Re: Re: Loadbalancing with NTLMServlet/Filter

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Re: Re: Loadbalancing with NTLMServlet/Filter

Smyth, Jim
Hi,

I experienced an issue with using jcifs on applications running across multiple app servers which I found reported some time ago (see below).  I believe the end solution may not be correct.  To recap (and fully explain) the issue, the 401 Authenticate response created by JCIFS filter tells the browser to resend the same request with NTLM credentials.  When a user first hits an application a session is automatically created for that user.  Normally all subsequent requests by that user will use a session identifier (via URL-rewriting or a cookie) to maintain the state of the application.  All quite simple so far.

An issue arises when an application is running on multiple processes rather than just multiple threads, because the 401 which makes the browser resend a request may end up at a different running process which will invalidate the NTLM negociation mechanism.  Running an application over a number of machines is one way in which this situation arises, but the big boys from weblogic and WAS also recognize that scaling appservers on threads only goes so far, such that multi-process appservers on single (big) boxes also exist.

Anyway, Im sure you know all that.  The point is that

a)  the session is implicitly created at the outset, therefore, calling req.getSession() as originally suggested will not have any effect
b)  to avoid this issue the servlet filter should start with something like the following so that negociate will never commence until we can be sure the authorization will be sent back to the correct appserver process:

                        if (Config.getProperty("jcifs.util.multiProcess")!=null && Config.getProperty("jcifs.util.multiProcess").equals("true")) {  //check if defined as multi-process appserver
                                //this code should only ever get executed once per user per session
                                if (session.getAttribute("NTLMNegociationInitiated")==null) {
                                        session.setAttribute("NTLMNegociationInitiated","true");
                                       
                                        //should be a block of code here responsible for setting a cookie if cookie based session management is in use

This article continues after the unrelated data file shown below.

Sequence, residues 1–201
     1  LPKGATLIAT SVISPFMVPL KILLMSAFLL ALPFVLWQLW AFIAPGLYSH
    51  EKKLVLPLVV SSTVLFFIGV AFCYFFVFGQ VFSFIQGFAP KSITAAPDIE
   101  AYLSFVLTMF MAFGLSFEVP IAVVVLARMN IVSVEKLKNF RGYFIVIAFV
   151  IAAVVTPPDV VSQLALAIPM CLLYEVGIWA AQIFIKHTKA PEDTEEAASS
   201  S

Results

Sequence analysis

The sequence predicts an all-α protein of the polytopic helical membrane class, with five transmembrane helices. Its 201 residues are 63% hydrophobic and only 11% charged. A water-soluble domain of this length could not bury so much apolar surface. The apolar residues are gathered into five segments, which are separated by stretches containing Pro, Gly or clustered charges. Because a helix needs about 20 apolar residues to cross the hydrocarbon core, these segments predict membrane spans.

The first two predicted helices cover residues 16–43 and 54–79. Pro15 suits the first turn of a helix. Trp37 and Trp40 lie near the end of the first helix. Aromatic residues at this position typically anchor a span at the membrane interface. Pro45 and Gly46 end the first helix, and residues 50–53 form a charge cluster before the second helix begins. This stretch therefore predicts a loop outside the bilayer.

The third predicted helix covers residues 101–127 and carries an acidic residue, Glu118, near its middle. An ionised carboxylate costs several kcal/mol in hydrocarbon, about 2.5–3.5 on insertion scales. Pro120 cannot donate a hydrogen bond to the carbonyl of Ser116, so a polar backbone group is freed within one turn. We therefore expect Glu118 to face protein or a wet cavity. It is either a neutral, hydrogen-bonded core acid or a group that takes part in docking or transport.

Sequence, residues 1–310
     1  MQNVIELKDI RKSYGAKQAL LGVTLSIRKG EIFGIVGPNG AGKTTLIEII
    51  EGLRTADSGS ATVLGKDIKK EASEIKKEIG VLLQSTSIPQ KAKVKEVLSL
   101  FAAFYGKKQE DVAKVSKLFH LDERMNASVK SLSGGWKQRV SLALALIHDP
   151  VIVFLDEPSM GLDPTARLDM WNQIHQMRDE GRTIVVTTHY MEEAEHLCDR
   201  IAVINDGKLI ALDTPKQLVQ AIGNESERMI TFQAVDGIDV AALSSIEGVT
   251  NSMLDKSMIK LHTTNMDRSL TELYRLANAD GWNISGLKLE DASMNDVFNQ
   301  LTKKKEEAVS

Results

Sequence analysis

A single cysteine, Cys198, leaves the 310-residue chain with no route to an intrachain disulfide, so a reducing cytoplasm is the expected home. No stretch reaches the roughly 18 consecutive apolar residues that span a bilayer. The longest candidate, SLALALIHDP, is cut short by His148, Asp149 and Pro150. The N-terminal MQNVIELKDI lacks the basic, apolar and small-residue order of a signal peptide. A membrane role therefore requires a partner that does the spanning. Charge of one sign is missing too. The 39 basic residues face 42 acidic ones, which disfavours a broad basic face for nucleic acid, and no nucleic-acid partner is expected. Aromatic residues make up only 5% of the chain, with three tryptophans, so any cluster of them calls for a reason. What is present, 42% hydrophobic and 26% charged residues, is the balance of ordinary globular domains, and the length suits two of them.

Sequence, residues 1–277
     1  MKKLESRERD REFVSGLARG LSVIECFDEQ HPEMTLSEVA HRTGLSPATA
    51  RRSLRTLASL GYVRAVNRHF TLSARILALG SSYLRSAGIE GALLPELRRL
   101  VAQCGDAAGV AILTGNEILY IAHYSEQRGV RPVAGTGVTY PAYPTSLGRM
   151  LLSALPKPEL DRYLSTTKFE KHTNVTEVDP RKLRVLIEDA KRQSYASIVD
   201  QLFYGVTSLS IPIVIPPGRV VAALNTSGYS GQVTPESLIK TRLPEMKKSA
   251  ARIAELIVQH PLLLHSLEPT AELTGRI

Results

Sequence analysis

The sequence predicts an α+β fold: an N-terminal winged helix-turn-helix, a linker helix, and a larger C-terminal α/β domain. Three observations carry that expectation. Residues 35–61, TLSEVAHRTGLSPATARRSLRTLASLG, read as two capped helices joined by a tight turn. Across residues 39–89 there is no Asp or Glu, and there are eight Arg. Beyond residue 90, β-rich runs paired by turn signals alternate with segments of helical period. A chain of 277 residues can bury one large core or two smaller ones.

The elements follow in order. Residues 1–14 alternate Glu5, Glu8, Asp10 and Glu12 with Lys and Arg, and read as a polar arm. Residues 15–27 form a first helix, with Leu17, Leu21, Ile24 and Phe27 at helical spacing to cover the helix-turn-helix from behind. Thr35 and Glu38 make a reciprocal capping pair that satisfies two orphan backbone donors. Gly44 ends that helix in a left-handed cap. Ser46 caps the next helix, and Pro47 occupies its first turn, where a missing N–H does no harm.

//but I havent bothered doing that yet
                                        //...

                                        //the following code will take care of urlrewriting if required
                                PrintWriter out = null;
                                        out = resp.getWriter();
                                out.println("<html>");
                                out.println("<head>");
                                out.println("<title>Resending request with Session id</title>");
                                out.println("<META Http-Equiv=\"Cache-Control\" Content=\"no-cache\">");
                                out.println("<META Http-Equiv=\"Pragma\" Content=\"no-cache\">");
                                out.println("<META Http-Equiv=\"Expires\" Content=\"0\">");
                                out.println("<meta http-equiv=\"refresh\" content=\"0; URL=" + resp.encodeURL(req.getRequestURL().toString()) + "\">");
                                out.println("</head>");
                                    out.println("</html>");
                                    return;
                                } //end if
                        } //end of check for multi-process appserver



Anyways - thats the way I would (will) do it.  Hope its of use/interest.

rgds
jim




From: Eric <eglass1 <at> comcast.net>
Subject: Re: Re: Loadbalancing with NTLMServlet/Filter <http://news.gmane.org/find-root.php?message_id=%3c405B99A2.2090403%40comcast.net%3e>
Date: 2004-03-20 01:08:50 GMT (1 year, 35 weeks, 2 days, 17 hours and 16 minutes ago)

He's load balancing the servlet containers (application servers); he's
got a single web server with multiple WebSphere containers on the back
end.  The connector on the web server uses the session ID to determine
which application server the request gets routed to.  We don't currently
create a session until the NTLM handshake has completed (when we store
the username etc. in the session).  So what he's seeing is server A
generates the challenge and sends the Type 2 message, but server B ends
up getting the Type 3 message (the HTTP keepalive is between the client
and the web server, but not between the web server and a particular
application server).

Creating the session at the outset would prevent this (and is probably
an appropriate measure).

Eric

Michael B Allen wrote:

> I don't see what this has to do with load balancing. Please send your
> precise suggested fix to the jcifs mailing list.
>
> Sylwester Lachiewicz said:
>
>>Hi,
>>
>>With current NtlmServletFilter it's not possible to create application
>>with loadbalancing
>>Our http server  (IBM HTTP with WebSphere plugin) use session cookie to
>>route requests to one of our Application Server. Becouse full NTLM Auth
>>requires 3 resuests/responses it's possible that one request will be
>>received by AppServer1 and second with AppServer2. This creates auth
>>failure.
>>
>>To fix this, in service method, i add line request.getSession() so session
>>will be created and JSESSIONID returned to browser and available to next
>>requests.
>>It's possible to add this to NtlmServlet and NtlmFilter?
>>
>>S.
>>
>
>
>


> Jim Smyth
> BVGS
>
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